European Bank buys 20% stake in Russia's first budget airline

Tourism

The European Bank for Reconstruction and Development bought 20% of Sky Express, Russia's first budget airline, to help boost competition as the economy enters a ninth year of growth.

The EBRD will pay $10 million for the holding, a sum that will double „in several stages,” the bank said in an e-mailed statement today. Billionaires Alexander Lebedev and Mikhail Fridman are among Russian businessmen who have said they planned to or are considering establishing a low-cost carrier. Russian airlines flew 14.8 million passengers in the first half of the year, 9.2% more than in the same period last year.

„The launch of this low-cost airline, whose prices will compete with those for train journeys in a country which is the world's largest landmass, is vital for stimulating competition in the Russian air-transport sector,” said Riccardo Puliti, head of transportation investment at EBRD. Sky Express was founded by Boris Abramovich, general director and co-owner of KrasAir, Russia's third-biggest carrier, the bank said.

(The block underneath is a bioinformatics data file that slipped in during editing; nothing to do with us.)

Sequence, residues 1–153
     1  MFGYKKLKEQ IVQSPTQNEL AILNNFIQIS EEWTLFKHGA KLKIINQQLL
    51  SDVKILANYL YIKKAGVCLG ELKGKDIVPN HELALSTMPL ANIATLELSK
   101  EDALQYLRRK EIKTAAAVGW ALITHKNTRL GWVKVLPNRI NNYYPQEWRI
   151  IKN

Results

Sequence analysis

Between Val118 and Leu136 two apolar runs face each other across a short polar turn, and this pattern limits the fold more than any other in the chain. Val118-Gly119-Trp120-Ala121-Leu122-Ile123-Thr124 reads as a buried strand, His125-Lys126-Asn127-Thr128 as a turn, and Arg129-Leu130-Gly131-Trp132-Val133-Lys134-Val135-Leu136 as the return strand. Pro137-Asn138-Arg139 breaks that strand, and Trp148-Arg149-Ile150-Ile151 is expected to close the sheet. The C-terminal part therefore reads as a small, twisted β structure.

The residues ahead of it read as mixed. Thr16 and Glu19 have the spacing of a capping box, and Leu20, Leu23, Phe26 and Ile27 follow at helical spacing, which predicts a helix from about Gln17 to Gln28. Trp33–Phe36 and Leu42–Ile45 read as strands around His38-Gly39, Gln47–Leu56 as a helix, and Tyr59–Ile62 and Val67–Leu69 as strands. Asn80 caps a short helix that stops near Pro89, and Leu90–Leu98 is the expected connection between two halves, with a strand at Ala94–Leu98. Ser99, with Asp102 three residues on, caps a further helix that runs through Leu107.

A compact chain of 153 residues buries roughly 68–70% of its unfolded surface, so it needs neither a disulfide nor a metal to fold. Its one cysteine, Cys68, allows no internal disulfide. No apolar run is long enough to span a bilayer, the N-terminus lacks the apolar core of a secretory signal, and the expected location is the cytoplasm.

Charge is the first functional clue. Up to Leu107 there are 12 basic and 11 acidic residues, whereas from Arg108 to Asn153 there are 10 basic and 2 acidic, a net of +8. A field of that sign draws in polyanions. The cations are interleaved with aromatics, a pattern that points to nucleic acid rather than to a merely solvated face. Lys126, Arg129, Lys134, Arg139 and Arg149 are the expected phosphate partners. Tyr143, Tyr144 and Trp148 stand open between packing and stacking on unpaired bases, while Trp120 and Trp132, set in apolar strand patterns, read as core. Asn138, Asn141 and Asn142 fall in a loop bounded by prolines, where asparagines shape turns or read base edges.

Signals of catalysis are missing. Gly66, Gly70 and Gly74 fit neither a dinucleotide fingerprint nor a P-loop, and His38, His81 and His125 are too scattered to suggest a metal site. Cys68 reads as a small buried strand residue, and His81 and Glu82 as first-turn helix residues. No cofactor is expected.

Sky Express plans to start operating a fleet of six aircraft by April and will be based at Moscow's Vnukovo Airport. Lebedev's National Reserve Corp., the largest shareholder in former Soviet monopoly carrier OAO Aeroflot after the government, plans to roll out its new carrier, National Wings, next year. National Reserve's Alpstream subsidiary, a Zurich-based investment company, this year acquired 48% of Blue Wings AG, a German low-cost carrier. (Bloomberg)

ADVERTISEMENT

Business confidence falls slightly in June Analysis

Business confidence falls slightly in June

Lawmakers approve 2022 budget Parliament

Lawmakers approve 2022 budget

Duncan Graham reelected as BCCH president Appointments

Duncan Graham reelected as BCCH president

Budapest launches revamped coupon card for visitors City

Budapest launches revamped coupon card for visitors

SUPPORT THE BUDAPEST BUSINESS JOURNAL

Producing journalism that is worthy of the name is a costly business. For 27 years, the publishers, editors and reporters of the Budapest Business Journal have striven to bring you business news that works, information that you can trust, that is factual, accurate and presented without fear or favor.
Newspaper organizations across the globe have struggled to find a business model that allows them to continue to excel, without compromising their ability to perform. Most recently, some have experimented with the idea of involving their most important stakeholders, their readers.
We would like to offer that same opportunity to our readers. We would like to invite you to help us deliver the quality business journalism you require. Hit our Support the BBJ button and you can choose the how much and how often you send us your contributions.